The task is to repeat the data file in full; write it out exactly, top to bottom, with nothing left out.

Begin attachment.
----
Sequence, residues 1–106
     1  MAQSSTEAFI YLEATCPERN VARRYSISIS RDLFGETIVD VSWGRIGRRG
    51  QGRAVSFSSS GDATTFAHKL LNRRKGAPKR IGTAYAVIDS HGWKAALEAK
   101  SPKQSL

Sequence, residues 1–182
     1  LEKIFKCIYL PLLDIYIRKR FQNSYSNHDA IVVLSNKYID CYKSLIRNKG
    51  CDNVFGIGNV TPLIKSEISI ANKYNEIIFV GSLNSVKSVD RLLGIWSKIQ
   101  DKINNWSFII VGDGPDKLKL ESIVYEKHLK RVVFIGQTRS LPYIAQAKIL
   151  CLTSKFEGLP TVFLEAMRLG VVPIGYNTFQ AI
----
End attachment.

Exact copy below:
Sequence, residues 1–106
     1  MAQSSTEAFI YLEATCPERN VARRYSISIS RDLFGETIVD VSWGRIGRRG
    51  QGRAVSFSSS GDATTFAHKL LNRRKGAPKR IGTAYAVIDS HGWKAALEAK
   101  SPKQSL

Sequence, residues 1–182
     1  LEKIFKCIYL PLLDIYIRKR FQNSYSNHDA IVVLSNKYID CYKSLIRNKG
    51  CDNVFGIGNV TPLIKSEISI ANKYNEIIFV GSLNSVKSVD RLLGIWSKIQ
   101  DKINNWSFII VGDGPDKLKL ESIVYEKHLK RVVFIGQTRS LPYIAQAKIL
   151  CLTSKFEGLP TVFLEAMRLG VVPIGYNTFQ AI